As a jazz musician with socialist tendencies, I believe next week’s elections may provide the answer to an important question: Are the American people as good as our corporations? Evidence leads me to believe we are not — not as good as NBC, anyway.
It took the National Broadcasting Company just four days to fire its $69 million TV star Megyn Kelly after she made an arguably racist statement about blackface on her morning show.
I am not arguing, by the way, about whether her statement was racist. Surely, it was ignorant. Surely it showed that someone who makes $23 million a year can be profoundly ignorant about facts — not opinions, facts — that affect tens of millions of her countrywomen’s lives every day — but not her own. And in light of Kelly’s history at Faux News and NBC, I have no desire to defend her, from anything.
But consider this:
Kelly apologized that afternoon, in a note to her staff — which quickly leaked — after she realized what a dumb thing she’d done.
She apologized, on the air, the next morning, and subjected herself to a public tongue-lashing by black guests, “who lectured her on the brutally racist history of blackface,” according to The New York Times. The Times said Kelly was “tearing up” as she said she was “listening and learning.”
(I can’t confirm that because I don’t have a TV. Television is a waste of time.)
Also that day, NBC News chairman Andrew Lack called a staff meeting, to say: “I condemn those remarks. There is no place on our air or in this workplace for them.”
By Friday Kelly was gone.
That’s some pretty fast work for a $70 billion corporation with 62,000 employees.
That’s larger than the annual budget of 43 states, and six times larger than the annual budget of the District of Columbia.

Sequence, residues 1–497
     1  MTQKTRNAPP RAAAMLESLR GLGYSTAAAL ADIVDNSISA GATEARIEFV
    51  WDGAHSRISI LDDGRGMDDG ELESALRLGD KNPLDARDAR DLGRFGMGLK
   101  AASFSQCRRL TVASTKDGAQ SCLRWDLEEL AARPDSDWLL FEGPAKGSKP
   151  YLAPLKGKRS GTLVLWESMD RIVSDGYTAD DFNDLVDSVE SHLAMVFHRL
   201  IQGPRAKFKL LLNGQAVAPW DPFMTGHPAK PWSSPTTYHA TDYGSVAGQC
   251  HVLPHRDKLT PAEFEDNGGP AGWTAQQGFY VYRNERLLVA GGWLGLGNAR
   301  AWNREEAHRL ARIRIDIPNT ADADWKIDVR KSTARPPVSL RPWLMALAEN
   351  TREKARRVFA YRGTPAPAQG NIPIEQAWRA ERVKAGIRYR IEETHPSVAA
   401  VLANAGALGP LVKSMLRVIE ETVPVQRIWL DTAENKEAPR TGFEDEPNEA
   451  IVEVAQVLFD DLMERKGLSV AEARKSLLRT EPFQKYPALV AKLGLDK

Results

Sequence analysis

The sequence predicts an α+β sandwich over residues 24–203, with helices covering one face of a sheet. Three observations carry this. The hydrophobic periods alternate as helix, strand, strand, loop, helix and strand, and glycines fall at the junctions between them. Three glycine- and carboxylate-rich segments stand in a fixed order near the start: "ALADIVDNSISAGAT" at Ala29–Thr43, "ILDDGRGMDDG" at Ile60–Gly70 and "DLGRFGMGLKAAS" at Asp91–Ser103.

To sum up:
Kelly said an ignorant, offensive thing;
she may not have known any better;
she may not have known she was hurting anyone by it;
she admitted she was wrong;
she apologized profusely;
she said she would try to learn from it, and improve.
But her corporation said, tough luck; you should have known better; you’re outahere.
Now, whether NBC did this in search of money, ratings or anything else, those are the facts. That’s what happened.
Now we come to the question of whether the people of the United States are as good as our corporations — I except Monsanto from this — let’s say, whether we are as good as NBC.
On Tuesday, perhaps half of the 235 million eligible voters in the United States will cast ballots, or will have voted absentee. (If 60 percent of eligible voters cast ballots, that will still be pathetic, but it’s a turnout we have not managed to achieve, even in presidential elections, since 1968.)
Squint at it however you like, our next national vote, at nearly every level — federal, state, and often local — will be a referendum on our president.
Just for the heck of it, let’s compare him with Megyn Kelly:
He has said things that are not only ignorant and offensive, but he knew they were offensive when he said them, and he continues to say them;
he claims Democrats will subject us to “mob rule,” while his entire method of governing is to insult people, and inflame the mob;
he never has apologized for anything, even after he was informed, irrefutably, that he was wrong;
he never has said he would try to study anything, or learn from it, including science;
his religious apologists follow him — presumably because of his opposition to abortion — though he paid $260,000 to have sex with two women a few times, then stuff two $130,000 gags in their mouths;
he cheats on his taxes, and uses his presidential powers to hide it;
so does his family;
he is sending the U.S. military to the Mexican border, at a cost of tens of millions of our dollars, as a political stunt, to whip up hatred of Latinos and immigrants the week before Election Day.
All the elections for federal office on Tuesday are, in effect, a referendum on this president. His party is expected to retain control of the Senate. The only conclusion that possibly can be drawn from this is that the American people are not as good as our corporations.
Not as good as NBC, anyway.
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